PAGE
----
Posted Jul 17, 2023 by Martin Armstrong
The interesting issue concerning radiation detection in Ukraine is that after stating that radiation was detected, the West claims there is none. Russia claims to have bombed an ammunition depot containing depleted Uranium shells, which will contaminate the landscape. Britain supplied these shells to Ukraine – that much we know. Russia claims that a radioactive cloud is now drifting toward Western Europe, and the EU denies it. As I have said, the first casualty of war is always the truth. The EU will certainly not admit such a thing, for that would confirm that they gave Ukraine illegal weapons. On the other hand, denying that means people, crops, and animals can get sick, and then what, we blamed another virus? Truth is just so hard to find in times of war.
The United States in April wired Ukraine so they could identify any nuclear attack. We do know that the British defense ministry confirmed it would provide Ukraine with armor-piercing rounds containing depleted uranium. The U.S. developed these during the Cold War to destroy Soviet tanks.
Putin did accuse London of proliferating “weapons with a nuclear component,” while the British called this “disinformation.” Depleted uranium is based on the isotope U-235 which is extracted from natural uranium ore, and this is even used as fuel for reactors and in nuclear weapons. This process is called enrichment. But the content of the “useful” isotope in the ore is about 10%. The remaining 90% of the isotope contains negligible amounts of U-235, which consist mainly of the slightly radioactive U-238. This is the depleted uranium which can be described as waste from the enrichment process.
This depleted uranium is very dense. This means that it is much heavier than, for example, steel shells of the same size. Consequently, the force of energy upon impact is very strong, enabling it to penetrate armor. The depleted uranium does not explode, but small fragments that can penetrate armor can easily be ignited. Therefore, a projectile made of this material is an armor-piercing incendiary material. The US has also been using it in shells of high-speed smaller caliber guns of 25-30mm used on Infantry-Fighting Vehicles (IFV) and attack aircraft.
The US first used them during Operation Desert Storm in 1991. Literally, hundreds of thousands of such shells were used in Iraq. The Pentagon also acknowledged that they used these shells in the former Yugoslavia, Iraq, and Syria. These depleted uranium shells are not subject to nuclear non-proliferation rules. Therefore, in terms of international law, they have yet to be classified separately. Nor are there any international agreements that would regulate the supply of them specifically. Thus, the West argues Russia cannot object to their use. They are not party to any treaty, and they are outside of any consideration being nuclear weapons.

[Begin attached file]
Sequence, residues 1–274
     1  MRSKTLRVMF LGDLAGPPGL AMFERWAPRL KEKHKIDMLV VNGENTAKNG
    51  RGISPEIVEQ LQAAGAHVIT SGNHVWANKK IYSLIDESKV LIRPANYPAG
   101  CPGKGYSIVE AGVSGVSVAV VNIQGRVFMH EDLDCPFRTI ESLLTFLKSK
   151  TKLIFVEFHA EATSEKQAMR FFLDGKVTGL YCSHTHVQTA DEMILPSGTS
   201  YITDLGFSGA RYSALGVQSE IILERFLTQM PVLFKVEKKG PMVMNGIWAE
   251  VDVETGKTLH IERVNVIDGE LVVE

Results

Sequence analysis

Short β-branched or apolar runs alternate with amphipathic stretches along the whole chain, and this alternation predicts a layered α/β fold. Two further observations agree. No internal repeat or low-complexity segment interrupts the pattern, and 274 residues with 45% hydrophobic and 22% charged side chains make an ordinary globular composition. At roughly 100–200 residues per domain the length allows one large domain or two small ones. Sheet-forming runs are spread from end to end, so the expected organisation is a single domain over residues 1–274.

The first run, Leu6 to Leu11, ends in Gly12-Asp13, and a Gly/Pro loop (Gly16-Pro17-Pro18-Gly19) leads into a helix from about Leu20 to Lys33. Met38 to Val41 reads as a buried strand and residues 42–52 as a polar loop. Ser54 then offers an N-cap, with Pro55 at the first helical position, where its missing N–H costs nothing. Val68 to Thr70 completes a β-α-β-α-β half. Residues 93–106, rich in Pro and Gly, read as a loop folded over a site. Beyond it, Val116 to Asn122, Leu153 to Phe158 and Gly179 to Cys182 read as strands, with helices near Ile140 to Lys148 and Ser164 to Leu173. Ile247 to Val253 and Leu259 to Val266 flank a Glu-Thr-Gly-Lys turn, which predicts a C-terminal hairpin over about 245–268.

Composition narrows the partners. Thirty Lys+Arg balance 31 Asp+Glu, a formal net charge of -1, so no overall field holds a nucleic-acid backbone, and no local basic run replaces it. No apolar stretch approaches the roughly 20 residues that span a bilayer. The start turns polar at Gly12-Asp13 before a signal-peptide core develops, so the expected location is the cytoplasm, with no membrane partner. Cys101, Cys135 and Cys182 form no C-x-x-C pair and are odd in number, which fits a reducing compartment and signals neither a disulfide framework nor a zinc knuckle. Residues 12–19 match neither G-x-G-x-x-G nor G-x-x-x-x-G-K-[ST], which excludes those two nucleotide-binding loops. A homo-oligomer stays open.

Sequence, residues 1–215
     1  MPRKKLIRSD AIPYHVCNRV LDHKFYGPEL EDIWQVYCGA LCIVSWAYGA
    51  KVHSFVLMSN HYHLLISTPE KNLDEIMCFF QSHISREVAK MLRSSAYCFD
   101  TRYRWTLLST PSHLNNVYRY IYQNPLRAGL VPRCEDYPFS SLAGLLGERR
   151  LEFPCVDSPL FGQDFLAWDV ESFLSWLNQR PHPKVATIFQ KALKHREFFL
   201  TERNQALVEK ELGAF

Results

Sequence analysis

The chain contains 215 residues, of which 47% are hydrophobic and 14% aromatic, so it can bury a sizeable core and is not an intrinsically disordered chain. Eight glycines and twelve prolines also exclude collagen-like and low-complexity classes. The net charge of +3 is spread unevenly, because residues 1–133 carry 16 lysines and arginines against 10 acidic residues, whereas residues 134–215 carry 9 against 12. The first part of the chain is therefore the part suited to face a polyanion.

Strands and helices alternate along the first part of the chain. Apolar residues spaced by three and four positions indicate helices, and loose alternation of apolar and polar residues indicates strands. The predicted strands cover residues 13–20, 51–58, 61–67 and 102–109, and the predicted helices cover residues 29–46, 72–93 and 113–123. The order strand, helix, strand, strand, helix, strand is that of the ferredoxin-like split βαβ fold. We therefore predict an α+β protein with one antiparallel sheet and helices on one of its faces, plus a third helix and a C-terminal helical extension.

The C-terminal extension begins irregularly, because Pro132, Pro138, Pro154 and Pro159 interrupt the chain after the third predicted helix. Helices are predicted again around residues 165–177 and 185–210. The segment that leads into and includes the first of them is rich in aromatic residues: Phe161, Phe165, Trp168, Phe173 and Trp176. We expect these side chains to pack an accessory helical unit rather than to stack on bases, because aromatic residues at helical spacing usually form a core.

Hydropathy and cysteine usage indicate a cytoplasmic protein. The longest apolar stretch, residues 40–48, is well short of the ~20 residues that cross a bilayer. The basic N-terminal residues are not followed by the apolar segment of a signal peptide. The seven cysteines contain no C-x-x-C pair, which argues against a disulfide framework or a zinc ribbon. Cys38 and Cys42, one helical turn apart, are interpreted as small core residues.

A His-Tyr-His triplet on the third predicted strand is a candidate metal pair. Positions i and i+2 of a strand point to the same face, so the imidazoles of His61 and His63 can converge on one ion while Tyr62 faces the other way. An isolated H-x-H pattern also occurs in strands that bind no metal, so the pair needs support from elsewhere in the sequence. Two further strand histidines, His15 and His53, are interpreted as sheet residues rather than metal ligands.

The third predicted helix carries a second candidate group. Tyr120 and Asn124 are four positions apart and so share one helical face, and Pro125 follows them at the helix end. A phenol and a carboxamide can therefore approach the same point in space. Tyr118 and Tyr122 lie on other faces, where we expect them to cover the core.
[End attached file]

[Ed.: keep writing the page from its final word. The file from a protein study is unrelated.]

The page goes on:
What we do know is that depleted uranium shells have a radioactive component. Prior to firing, such projectiles are safe, whereby the weak radiation is unable to penetrate skin and clothing. However, if such a shell penetrates armor, a cloud of tiny fragments or dust is produced. It is this radioactive and toxic dust that presents a danger both to the crew of the affected vehicle, as the dust can enter the lungs and digestive tract, and to civilians, as it can enter the soil and water in the area.
There were secret studies on the dangers of uranium dust following Desert Storm given the high volume of their use. The only people anyone was concerned about were approximately 170 Americans who came in contact with this dust. The conclusion was that they could NOT rule out that depleted uranium might be one of the causes of “Gulf War Syndrome” – the chronic, poorly-explained varied ailments of ex-soldiers. This matched similar findings from Yugoslavia where it was called “Balkan syndrome” where once again depleted uranium was cited. Tens of thousands of aircraft rounds were left in equipment debris and soil. Then, soldiers from several European countries also fell ill. Many died of Leukaemia – in the Belgian contingent alone, five died rather abruptly.
Only when these strange diseases were emerging in the Balkans during the mid-1990s were finally uncovered in 2001 did we find European protests. Belgium, Germany, Italy, and France all approached Washington and were demanding explanations. The military just insisted that the shells were safe. However, it was also in 2001 when the USA finally conducted research involving military veterans. They concluded at that time that depleted uranium in a quantity that they considered dangerous had not been found in the bodies of wounded soldiers. Germany conducted its own research, not trusting the United States. Tests were carried out on 120 soldiers who had served in Kosovo and showed no deviations from the age norm.
In 2009, an Italian court ordered the country’s defense ministry to pay a hefty compensation – €1.4 million – to the family of a soldier who fell ill with cancer and died after serving in Somalia in the early 1990s. The death was attributed to depleted uranium. In truth, a number of organizations have been calling for a ban or restriction on the use of depleted uranium projectiles since the early 2000s. The military seems unmoved to conduct any study on the possible long-term effects on civilians who return to the land where the battle was fought. Rumors of cancers in Iraq get no press time.
Naturally, those in the senior military positions claim that the danger of depleted uranium projectiles is exaggerated. Of course, we have no idea if the use of these shells is polluting the environment, whereby Ukraine has been the bread basket of Europe. Nobody knows if this will have any impact on the food supply of Europe in the decades ahead.